Autodidact: self-taught

Mar
09
2015

EmbellishMaille

by V. L. Craven

I was looking around for an everyday choker. Lazy but fashionable, I wanted it to be attractive but didn’t want to have to take it off to shower. After listlessly poking the internet a bit I eventually came upon EmbellishMaille’s Etsy shop .

I knew what chainmaille was, but I’d never looked at it up close and certainly didn’t know it came in different patterns or weaves. After seeing the impressive, intricate styles available, I contacted the owner and requested an interview and she graciously agreed.

Lucid Chainmaille Choker ($35.95)

Lucid Chainmaille Choker ($35.95)

How did you get into making jewellery?

There was a time when I was looking at chokers and as I was doing a Google Image search, I came across a lot of chainmaille. I was intrigued and fascinated by the variety of patterns and even color designs. I took a look at a few instructions for some of the patterns considered “for beginners” and thought, how hard could it be? I invested about $50 into some start up materials and it’s been a growing passion. The only limit is my own imagination. I love that it empowers me to get creative and have an outlet to express myself.

Helm Weave bracelet ($18)

Helm Weave bracelet ($18)

How long have you been making jewelry?

I started around the Spring of 2011.

Do you have a favourite piece to make or a favourite style chainmaille?

My current obsession has been the Jens Pind Linkage or JPL pattern. It reminds me of a classic rope braid weave that is pretty durable and unisex.

Music Lovers Bracelet JPL ($18)

Music Lovers Bracelet JPL ($18)

What’s the most complicated style to make? How long did it take you to master that style?

There’s a pattern called Elfweave that I remember being fascinated with when I was first exploring different weaves that I wanted to try in the beginning. I had tried the weave three or four times over the course of the last three years and it wasn’t until about six months ago that I could finally wrap my head around the instructions. The instructions were very clear and included photos, but for some reason it just baffled me. Once I finally rolled up my sleeves and took some time to understand it, the pattern itself wasn’t as complicated as I was trying to make it. Sometimes there are weaves that don’t have instructions and those can be tricky to visually break the weave apart to try to re-create. The key for me has been to go into a new weave with a clear head.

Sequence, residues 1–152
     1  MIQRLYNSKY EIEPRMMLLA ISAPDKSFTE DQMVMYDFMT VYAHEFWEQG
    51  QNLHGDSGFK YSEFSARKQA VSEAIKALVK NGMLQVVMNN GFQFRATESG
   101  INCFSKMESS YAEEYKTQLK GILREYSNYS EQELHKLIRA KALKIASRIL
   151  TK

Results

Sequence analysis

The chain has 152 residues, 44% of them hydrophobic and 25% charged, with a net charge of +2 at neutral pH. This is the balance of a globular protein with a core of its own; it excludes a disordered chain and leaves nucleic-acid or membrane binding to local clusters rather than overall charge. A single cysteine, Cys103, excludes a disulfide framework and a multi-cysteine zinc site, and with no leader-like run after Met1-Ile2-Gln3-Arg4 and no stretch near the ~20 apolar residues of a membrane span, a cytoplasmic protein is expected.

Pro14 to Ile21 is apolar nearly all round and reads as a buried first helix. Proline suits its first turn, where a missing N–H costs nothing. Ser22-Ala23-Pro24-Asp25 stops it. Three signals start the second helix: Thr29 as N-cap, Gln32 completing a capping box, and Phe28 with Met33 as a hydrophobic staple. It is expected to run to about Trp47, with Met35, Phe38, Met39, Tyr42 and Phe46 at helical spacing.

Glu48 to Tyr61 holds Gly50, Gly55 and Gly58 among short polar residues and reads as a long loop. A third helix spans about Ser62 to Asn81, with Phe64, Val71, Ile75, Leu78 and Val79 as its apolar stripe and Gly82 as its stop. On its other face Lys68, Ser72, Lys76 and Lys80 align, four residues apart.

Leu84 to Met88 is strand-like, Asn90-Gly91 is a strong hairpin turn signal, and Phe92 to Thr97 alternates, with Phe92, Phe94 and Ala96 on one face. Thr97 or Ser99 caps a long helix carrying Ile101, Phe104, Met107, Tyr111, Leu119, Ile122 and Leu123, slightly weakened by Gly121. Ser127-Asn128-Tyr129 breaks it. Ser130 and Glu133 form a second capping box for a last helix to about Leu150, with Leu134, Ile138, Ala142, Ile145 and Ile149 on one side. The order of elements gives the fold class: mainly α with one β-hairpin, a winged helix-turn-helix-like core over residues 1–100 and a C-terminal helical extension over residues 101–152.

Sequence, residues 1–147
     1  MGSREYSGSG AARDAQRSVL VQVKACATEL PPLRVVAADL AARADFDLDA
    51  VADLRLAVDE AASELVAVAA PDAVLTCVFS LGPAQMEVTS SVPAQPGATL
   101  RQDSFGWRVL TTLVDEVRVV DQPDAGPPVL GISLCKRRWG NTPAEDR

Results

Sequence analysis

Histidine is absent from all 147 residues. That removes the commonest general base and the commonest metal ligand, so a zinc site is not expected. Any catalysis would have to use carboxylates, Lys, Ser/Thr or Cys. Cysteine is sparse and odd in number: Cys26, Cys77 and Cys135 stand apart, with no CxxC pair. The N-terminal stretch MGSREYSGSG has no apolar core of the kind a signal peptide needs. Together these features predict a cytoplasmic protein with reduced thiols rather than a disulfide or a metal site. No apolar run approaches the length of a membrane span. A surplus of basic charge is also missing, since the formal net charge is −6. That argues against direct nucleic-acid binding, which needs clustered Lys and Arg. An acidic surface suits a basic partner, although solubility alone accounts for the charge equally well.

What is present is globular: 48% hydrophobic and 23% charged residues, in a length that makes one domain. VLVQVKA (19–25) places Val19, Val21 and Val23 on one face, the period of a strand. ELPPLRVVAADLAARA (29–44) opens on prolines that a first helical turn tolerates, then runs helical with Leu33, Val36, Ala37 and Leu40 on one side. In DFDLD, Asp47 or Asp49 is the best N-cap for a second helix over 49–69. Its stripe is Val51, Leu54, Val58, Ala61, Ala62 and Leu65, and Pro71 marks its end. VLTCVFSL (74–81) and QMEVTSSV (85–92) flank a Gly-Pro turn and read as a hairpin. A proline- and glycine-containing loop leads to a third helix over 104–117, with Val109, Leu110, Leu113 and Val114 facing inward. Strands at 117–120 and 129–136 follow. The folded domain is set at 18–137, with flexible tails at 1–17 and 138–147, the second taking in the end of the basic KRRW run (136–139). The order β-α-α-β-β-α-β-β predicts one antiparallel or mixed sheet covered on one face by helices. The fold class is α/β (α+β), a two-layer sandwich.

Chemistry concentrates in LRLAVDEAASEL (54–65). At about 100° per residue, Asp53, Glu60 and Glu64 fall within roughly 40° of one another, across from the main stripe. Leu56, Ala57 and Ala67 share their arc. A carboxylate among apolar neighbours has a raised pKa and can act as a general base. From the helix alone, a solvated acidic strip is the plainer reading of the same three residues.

Elfweave Chainmaille necklace ($45)

Elfweave Chainmaille necklace ($45)

What’s your most popular piece?

The most viewed item is my “Lucid” Choker , which is something of a modified helm pattern. The most popular piece actually purchased is a toss up between the new custom photo pendants and the helm weave choker.

Have you ever tried to invent your own weave?

Not yet, though most people that have created patterns did so by accident. Or they will look at a pattern and say, “I wonder what happens if I do this with the ring instead of that.” There are a ton of variations out there by other folks that have tinkered and invented a new pattern. I think I came to do chainmaille a little late in the game and that most variations I would think of have probably already been done before. One never knows though!

Zig Zag Byzantine Necklace ($49.95)

Zig Zag Byzantine Necklace ($49.95)

What would you say to someone who was interested in trying to make chainmaille jewellery? What resources would you recommend?

For anyone interested in making chainmaille I will offer a few tips to know before getting supplies and such…. 1. is that doing chainmaille, not just jewelry but anything can be tedious. Most of it is taking a small segment and repeating it over and over again. For some that’s too monotonous. If you have any sort of carpel tunnel or arthritis, I don’t recommend it.

I would also suggest getting some good pliers. There are different types of pliers for different metals. Since I use aluminum, a flat thin nose and a flat, slightly fatter nose pliers works for me. If someone plans to use steel, I’ve heard that pliers with teeth will be more suited for the task. As for other metals, I’m honestly not sure. However there is one website that has a ton of patterns, photos, forums, etc on everything chainmaille.  mailleartisans.org The registration is free and they have a gallery and you can search the weave library and so forth.

As for rings, different people use different places. I started out using theringlord.com and then added stores.ebay.com/ americanchainmail as another option. Some people make their own rings and that’s awesome, but not something I have ever wanted to get into. There’s also some great videos on YouTube for learning patterns.

Stepping Stones Weave bracelet ($17.95)

Stepping Stones Weave bracelet ($17.95)

What materials do you use and why do you use them? Can you shower in them?

When I got started, my budget was tight. I wanted a shiny metal and anodized aluminum offers the shine without tarnishing like silver. It’s affordable, comes in a variety of colors and sizes and is really just easy to work with. The anodized aluminum is pretty easy to clean with the BLUE Dawn hand dish soap and warm water. Depending on the weave, it might recommend having a spare toothbrush to get into the crevices. I do have customers that wear their jewelry everyday including in the shower and I haven’t had any complaints yet. For anyone with metal sensitivity, aluminum also seems to be a great alternative.

You can follow the shop on Facebook: EmbellishMaille  and of course the Etsy site is here .

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